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Nationality of 6 Hostages Unclear; Spying Charged

November 10, 1987|From Times Wire Services

BEIRUT — A Palestinian terrorist group Monday leveled espionage charges against six people whom it claimed to have seized at sea off the Gaza Strip.

The guerrillas say the six are Israelis, but officials in Israel and Europe cast increasing doubt on the nationalities of the hostages. There was a suggestion that some of those named by the guerrillas are Roman Catholic rather than Jewish.

Walid Khaled, a leader of the Abu Nidal faction, which said it hijacked a French-registered yacht and its occupants, told reporters in Beirut on Monday that the six captives, seized along with two children, are Israeli agents.

"The operation which we carried out was against people working for Israeli intelligence," Khaled said, adding that the captives were taken to "a safe place."

In the Sunday announcement, the guerrilla group said its hostages were Israelis who also carried French or Belgian passports. On Monday, however, Israeli and Belgian officials indicated that the hostages may not be Israeli citizens.

In Jerusalem, officials said that none of the names given by the Abu Nidal group appeared in any of their computerized lists of Israeli nationals or visitors to Israel.

"A search of computer archives listing holders of Israeli identity cards and those showing tourist entries failed to turn up any of the eight," said Yosef Tov, a Foreign Ministry official.

There was no immediate response from Israeli officials to Khaled's charge that the six adults are Israeli spies.

In Brussels, Belgian Foreign Minister Leo Tindemans said in a radio interview that some of those named by the guerrilla group appear to be Belgian citizens who lived in France, and he said it was "increasingly improbable" that they had dual Israel-Belgian nationality.

The Belgian government said it has received no independent confirmation of the abductions but reported that five of those named by the Abu Nidal group are apparently Roman Catholic rather than Jewish.

An official government statement said that Emmanuel Houtekins, 42; his wife, Godlieve Kets, 48; their children, Laurent Emmanuel Houtekins, 17, and Valerie Emmanuel Houtekins, 16, and Emmanuel's brother, Fernand Houtekins, 40, had lived in Lyon, France, since 1985.

Belgian Records Checked

Belgium said the names and ages of the Houtekins family given by the guerrillas corresponded to those in Belgian official records. The two young children, whom the group did not name, were thought to be those of a woman named Jacqueline Valente, who the group claims has dual Israeli-French nationality.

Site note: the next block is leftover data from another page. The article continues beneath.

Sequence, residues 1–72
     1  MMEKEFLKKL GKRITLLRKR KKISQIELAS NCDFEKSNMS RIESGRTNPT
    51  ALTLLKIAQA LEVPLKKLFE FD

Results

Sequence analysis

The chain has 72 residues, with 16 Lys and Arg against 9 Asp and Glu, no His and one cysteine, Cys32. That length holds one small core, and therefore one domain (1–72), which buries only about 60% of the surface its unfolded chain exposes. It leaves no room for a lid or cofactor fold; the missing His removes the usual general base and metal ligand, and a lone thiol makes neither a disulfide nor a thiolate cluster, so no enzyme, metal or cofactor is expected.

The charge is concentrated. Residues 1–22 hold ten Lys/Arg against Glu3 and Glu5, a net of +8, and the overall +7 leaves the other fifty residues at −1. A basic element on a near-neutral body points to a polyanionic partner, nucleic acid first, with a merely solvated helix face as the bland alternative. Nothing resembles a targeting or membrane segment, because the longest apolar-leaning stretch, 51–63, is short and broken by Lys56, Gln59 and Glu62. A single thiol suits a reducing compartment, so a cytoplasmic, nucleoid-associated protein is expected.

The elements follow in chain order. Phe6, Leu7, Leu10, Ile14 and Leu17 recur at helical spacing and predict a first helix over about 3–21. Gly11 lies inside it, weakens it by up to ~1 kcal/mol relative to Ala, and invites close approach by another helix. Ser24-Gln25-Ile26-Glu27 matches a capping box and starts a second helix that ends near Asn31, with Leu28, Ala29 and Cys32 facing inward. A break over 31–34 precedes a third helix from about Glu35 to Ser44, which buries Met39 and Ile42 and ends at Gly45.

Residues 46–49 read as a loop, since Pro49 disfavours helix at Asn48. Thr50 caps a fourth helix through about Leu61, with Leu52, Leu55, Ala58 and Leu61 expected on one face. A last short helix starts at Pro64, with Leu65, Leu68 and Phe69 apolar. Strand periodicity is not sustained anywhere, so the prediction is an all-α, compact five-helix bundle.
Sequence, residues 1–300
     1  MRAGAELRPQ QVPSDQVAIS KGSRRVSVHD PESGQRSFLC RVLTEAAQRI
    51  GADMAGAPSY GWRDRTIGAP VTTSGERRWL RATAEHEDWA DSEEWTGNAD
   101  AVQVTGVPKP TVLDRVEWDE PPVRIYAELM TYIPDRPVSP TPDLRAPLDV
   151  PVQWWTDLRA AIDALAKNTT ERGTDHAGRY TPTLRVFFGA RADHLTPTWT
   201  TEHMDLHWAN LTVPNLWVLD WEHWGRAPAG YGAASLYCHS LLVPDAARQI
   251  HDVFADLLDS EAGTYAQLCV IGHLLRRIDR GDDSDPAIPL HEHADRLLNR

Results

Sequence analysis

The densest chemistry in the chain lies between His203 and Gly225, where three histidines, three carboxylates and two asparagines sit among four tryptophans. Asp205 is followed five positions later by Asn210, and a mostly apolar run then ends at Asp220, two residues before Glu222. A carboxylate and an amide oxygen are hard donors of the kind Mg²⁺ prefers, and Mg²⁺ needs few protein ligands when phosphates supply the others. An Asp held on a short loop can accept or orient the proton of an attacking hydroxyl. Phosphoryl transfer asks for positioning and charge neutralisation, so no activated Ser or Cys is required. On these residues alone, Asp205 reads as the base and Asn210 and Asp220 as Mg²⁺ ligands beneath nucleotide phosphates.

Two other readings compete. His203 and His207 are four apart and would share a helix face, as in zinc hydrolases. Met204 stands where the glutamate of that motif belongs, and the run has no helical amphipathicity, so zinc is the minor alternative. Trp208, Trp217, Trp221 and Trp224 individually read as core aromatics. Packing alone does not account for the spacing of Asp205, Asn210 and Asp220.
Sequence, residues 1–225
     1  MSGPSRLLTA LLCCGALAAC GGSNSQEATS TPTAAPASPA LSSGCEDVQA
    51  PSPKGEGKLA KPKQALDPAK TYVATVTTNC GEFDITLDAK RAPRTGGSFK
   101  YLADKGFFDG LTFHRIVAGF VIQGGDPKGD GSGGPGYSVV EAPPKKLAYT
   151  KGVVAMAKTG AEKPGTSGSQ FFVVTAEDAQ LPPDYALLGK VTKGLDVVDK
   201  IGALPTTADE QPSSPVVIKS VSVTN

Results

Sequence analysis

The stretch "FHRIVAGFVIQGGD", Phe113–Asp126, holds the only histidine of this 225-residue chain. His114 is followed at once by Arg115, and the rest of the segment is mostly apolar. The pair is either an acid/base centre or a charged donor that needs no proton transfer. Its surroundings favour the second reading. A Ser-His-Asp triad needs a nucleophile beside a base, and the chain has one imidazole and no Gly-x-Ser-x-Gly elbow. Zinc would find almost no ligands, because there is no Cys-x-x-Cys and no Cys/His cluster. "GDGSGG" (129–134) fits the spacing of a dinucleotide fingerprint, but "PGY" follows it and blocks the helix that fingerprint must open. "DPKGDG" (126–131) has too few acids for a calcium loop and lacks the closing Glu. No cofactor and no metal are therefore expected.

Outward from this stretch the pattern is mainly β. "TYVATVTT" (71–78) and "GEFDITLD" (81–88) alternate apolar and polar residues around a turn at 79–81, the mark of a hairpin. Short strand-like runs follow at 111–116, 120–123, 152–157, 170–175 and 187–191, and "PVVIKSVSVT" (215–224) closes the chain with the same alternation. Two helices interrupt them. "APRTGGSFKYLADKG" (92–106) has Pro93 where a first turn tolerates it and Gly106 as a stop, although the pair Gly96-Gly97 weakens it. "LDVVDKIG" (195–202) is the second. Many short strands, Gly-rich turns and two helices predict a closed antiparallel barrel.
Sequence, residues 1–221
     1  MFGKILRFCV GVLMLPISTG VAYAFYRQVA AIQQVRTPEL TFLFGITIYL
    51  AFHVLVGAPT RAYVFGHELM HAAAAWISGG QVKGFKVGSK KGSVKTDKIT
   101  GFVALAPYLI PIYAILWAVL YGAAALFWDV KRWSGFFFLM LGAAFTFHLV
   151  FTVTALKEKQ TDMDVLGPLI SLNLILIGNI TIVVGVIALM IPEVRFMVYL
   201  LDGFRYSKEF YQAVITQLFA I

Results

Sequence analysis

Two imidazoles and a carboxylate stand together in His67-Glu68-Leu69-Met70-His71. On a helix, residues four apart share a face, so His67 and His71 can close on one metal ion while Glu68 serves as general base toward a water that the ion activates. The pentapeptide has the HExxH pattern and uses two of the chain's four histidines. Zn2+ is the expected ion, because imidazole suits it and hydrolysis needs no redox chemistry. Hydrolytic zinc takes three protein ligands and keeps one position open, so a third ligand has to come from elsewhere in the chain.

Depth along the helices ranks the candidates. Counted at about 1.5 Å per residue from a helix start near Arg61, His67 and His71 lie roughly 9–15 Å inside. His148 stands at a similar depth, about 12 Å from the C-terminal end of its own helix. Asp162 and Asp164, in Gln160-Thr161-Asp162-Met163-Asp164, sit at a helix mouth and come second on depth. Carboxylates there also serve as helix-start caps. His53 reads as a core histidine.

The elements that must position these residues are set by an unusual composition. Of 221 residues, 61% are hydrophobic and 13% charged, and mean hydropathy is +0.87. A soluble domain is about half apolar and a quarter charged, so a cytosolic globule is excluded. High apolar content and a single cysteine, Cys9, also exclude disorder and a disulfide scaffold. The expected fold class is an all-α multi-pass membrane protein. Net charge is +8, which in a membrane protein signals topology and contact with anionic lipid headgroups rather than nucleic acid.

Valente's mother, interviewed by United Press International, said her daughter is the mother of two children--Marie Laure, 6, and Virginia, 4.

"My daughter is French and Catholic. Her friend Houtekins is Belgian and Catholic. I can't understand this hostage-taking," the mother added. It was not immediately clear which Houtekins the woman's mother was referring to.

On Sunday, Walid Khaled said in Muslim West Beirut that the hostages were seized off the coast of the Israeli-occupied Gaza Strip as they were sailing on the 17-ton, 40-foot yacht Silco, under Belgian and Israeli flags.

'Several Days Ago'

One Palestinian source said the hijacking took place "several days ago," and the group withheld information until "they made sure the hostages . . . could not be reached by Israel."

News services reported Monday that the Silco is owned by Fernand Houtekins. French maritime officials in Nice, France, said that the boat had docked in the Mediterranean port of Cannes three years ago, and from time to time since, but that, contrary to the guerrillas' statement, it did not have French registration.

Officials at Cypriot marinas in Larnaca and Limassol, popular east Mediterranean havens for Israeli-bound yachts, found no record that the Silco had called there.

To Undermine Summit

Israeli Foreign Minister Shimon Peres and Defense Minister Yitzhak Rabin described the hostage-taking as an attempt by Palestinian extremists to undermine an Arab League summit that convened Sunday in Jordan.

Asked about evidence that the hostages were not Israelis, Peres said, "From the very beginning it looked a little bit like a fabrication, a public relations story."

In his initial announcement, Khaled said the hijacking was carried out as a "slap" at Jordan's King Hussein, who is hosting the summit, and he warned Arab leaders to make no decisions at the meeting that would give the monarch the right to represent Palestinians in talks with Israel.

Offshoot of PLO

The Abu Nidal group, formally known as the Revolutionary Council of Fatah, was founded in 1974 as a breakaway offshoot of Palestine Liberation Organization leader Yasser Arafat's mainstream Fatah faction. The group is lead by Sabri Banna, now a sworn enemy of Arafat.

The group is believed headquartered in Sidon, Lebanon, after Syrian officials closed down its offices in Damascus earlier this year.

Officials of the International Committee of the Red Cross in Geneva said that despite the group's statement that it would be allowed to see the captives, the group has made no contact.

"We are aware of the reports from news agencies, but at this stage we have not been contacted by the Abu Nidal group," Catherine Peduzzi, a spokeswoman for the Geneva-based Red Cross told reporters Monday. "We have not received any request from them."

Sources in Israel said there was a growing consensus that the hijacking may not have taken place in Israeli waters.

Arie Brosh, head of Tel Aviv's marina, was quoted on Israeli television as saying the possibility was "very low" that a boat could have sailed near Israel without being registered by the border control.

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